Technically my ‘sketch’ for my Digital Methods class- we were assigned an artistic era/culture and had to make a t-shirt design based on the style but with a subject matter that was unrelated. The style I was given was “Western ‘Cowboy’ Frontier” artwork, so for my research I went in and found a lot of amazing tooled leather artwork and pulled the style into an illustration of the Egyptian god of Life- Osiris.
Assuming this is approved tomorrow as-is (because it is subject to change based on my instructor’s approval/criticism) I’ll be coloring it with a 5 color limited palette.
I plan to get it printed on a shirt for myself anyway! If others are interested once I post the final product, I’ll be happy to find a way to make it available online for purchase.
Grindr, a popular app for gay men, now carries an urgent warning for users in Egypt. According to many sources, Egyptian authorities are posing as LGBT people on various social media sites to identify and arrest homosexual people. The app is urging users in the region to proceed with extreme caution, especially when identifying themselves or arranging meetings/hookups. While so far the focus seems to be on gay men, all LGBT people in the area should be cautious. Reports show that Egyptian police have carried out violent raids on private homes which lead to the arrests of several gay men. These men were then subjected to disturbing medical “exams.” Police also raided an LGBT party last year, violently arresting many and sentencing them to up to 12 years hard labour. While homosexuality is not illegal in Egypt, athorities are using sexual deviance, debauchery and insulting public morals as terms for the crackdown. Many claim this fresh attack on the LGBT community is lead by President Abdel-Fattah Al-Sisi who wishes for his country to be more Islamic.
For all of my LGBT friends here on tumblr, please be extremely careful as this situation develops. Remember to clear your search history, use private browsing if possible, and be extremely cautious with who you talk to online.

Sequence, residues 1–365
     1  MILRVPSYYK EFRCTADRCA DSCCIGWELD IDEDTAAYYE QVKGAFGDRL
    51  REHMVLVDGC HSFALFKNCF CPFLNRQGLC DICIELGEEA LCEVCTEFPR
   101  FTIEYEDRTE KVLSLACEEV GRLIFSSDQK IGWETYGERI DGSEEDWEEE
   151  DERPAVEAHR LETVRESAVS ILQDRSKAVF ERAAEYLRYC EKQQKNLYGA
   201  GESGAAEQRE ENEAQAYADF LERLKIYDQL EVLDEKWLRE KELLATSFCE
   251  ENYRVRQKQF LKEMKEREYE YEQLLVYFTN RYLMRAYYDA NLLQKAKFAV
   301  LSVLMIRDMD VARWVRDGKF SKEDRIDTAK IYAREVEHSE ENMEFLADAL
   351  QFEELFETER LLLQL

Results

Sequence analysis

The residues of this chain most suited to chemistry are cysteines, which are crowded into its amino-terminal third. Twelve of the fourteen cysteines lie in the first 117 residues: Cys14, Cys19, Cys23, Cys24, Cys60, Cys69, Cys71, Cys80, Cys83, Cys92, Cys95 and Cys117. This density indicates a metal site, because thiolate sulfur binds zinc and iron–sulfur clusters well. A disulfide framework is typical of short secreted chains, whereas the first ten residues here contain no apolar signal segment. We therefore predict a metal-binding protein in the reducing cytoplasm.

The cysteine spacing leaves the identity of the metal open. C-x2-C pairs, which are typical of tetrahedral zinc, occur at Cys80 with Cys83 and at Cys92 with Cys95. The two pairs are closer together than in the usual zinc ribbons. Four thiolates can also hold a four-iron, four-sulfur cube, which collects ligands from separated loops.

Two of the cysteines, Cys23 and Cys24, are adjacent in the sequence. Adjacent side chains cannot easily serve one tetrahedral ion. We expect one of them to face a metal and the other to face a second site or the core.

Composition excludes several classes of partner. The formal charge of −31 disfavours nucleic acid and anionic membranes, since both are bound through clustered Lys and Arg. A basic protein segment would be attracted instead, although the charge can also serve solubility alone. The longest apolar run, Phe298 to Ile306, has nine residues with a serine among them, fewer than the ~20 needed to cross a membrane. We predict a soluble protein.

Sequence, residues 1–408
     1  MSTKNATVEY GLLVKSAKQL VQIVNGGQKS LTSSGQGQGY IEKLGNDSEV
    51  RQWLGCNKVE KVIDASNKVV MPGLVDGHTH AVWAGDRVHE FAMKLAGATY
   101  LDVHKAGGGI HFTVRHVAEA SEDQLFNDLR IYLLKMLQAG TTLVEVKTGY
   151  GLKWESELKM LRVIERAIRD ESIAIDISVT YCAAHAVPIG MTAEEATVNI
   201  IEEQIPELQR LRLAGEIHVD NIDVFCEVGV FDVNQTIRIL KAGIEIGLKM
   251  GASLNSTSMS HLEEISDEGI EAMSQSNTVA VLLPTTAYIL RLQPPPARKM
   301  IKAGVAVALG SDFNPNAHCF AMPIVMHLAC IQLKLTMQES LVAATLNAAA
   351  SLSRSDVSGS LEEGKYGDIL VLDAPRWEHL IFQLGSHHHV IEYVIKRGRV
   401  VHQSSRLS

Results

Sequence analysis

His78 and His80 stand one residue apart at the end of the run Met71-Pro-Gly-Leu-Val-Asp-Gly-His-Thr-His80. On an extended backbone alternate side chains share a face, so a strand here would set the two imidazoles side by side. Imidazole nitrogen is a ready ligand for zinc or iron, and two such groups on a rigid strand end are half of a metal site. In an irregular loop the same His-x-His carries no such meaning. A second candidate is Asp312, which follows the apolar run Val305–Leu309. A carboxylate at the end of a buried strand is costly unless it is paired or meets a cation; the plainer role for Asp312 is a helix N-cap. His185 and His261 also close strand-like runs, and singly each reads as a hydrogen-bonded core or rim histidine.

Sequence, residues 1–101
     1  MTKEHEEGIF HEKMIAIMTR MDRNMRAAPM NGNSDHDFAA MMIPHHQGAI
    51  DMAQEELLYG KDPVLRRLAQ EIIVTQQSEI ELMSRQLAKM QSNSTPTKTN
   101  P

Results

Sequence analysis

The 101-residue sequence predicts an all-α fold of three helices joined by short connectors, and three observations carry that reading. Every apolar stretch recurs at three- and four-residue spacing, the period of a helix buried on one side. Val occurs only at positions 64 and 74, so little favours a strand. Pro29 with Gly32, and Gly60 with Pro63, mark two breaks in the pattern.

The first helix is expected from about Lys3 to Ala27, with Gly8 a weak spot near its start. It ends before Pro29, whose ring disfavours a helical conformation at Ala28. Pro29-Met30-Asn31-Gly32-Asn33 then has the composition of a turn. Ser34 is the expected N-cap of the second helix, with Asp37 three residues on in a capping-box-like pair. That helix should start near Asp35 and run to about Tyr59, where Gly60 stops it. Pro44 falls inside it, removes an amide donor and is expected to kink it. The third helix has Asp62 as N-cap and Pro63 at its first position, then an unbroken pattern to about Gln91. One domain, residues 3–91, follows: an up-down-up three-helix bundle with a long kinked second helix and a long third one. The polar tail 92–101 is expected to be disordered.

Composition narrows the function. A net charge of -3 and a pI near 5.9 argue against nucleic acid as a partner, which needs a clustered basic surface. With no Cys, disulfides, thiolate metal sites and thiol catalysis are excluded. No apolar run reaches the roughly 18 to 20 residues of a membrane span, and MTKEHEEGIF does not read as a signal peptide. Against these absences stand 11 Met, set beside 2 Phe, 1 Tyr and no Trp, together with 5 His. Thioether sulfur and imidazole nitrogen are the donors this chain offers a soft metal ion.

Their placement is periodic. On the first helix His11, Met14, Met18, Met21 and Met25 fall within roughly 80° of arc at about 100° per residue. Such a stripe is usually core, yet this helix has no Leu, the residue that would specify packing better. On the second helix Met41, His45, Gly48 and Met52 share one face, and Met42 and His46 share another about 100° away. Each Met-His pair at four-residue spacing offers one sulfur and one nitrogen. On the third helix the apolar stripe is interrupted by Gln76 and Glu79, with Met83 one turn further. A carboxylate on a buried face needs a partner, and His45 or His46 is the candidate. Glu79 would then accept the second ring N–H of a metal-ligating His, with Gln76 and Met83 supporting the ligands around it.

God granted Pharaoh every luxury & all that could be wished for, so that he never felt the pinch of suffering or need. He lacked no earthly thing. Which made him proud, negligent & vain. The attributes of those who don’t feel pain. So Pharoah never turned his face in prayer. Behaving as though God was never there. Now God has granted every soul some grief so that we may call for His relief & invite the Healer into our pain; cure the heart & wipe the mark of Cain. While Pharaohs have the cravings of their lust; satisfied with their empires of dust.
Today I left Cairo’s Ezbekiyya book market without a piaster in my pocket. I spent all my dough on paperbacks—good ones, too.
Among today’s finds:
—Several undated novels with film-noir inspired covers, mostly from the Novels of the World series. Highlights include Graham Greene’s The Ministry of Fear and little-known thrillers like The Brute and The Ideal Crime.
—The Spy, published anonymously. The inside cover reads: “I worked as a spy for the CIA, the American spy agency.”
—A 1993 Arabic translation of Raymond Chandler’s 1943 novel The Lady in theLake. Weighing in at a hefty 430 pages, this is the first translation of Chandler I’ve been able to dig up after a year of sleuthing. The cover is a nostalgic noir pastiche, as lovely and simple as the author’s prose. ( I wonder how he reads in Arabic!)
—A skeleton carrying Alfred Hitchcock’s head on the cover of his Terrible Revenge. In fact, I came across dozens of Hitchcock dime novels today, fodder for an entire blog post.
—The Gambler, by Fyodor Dostoyevsky, a 1936 edition from the Pocket Books imprint, which happens to be in quite excellent condition and cost less than a dollar.
If you’re not familiar with the Egyptian capital’s best trove of treasures, the Ezbekiyya book market, Elliott Colla dishes out the facts:
When Napoleon tried to conquer Egypt, this was the site of a man-made lake surrounded by the ornate palaces of Turkish Pashas and high-ranking officials of the late Mameluke state. A century later, during British rule, the lake had been filled in and the area converted into a vast entertainment district. Bars and theatres, cabarets and brothels catered to Cairo’s elites who met in this border zone located between the medieval casbah and the new colonial downtown. By the time I get to Cairo, most of this history has disappeared under flyovers and Soviet-era concrete projects. Still, a few sordid belly-dance clubs still hold out over near the decrepit old fire station and post office.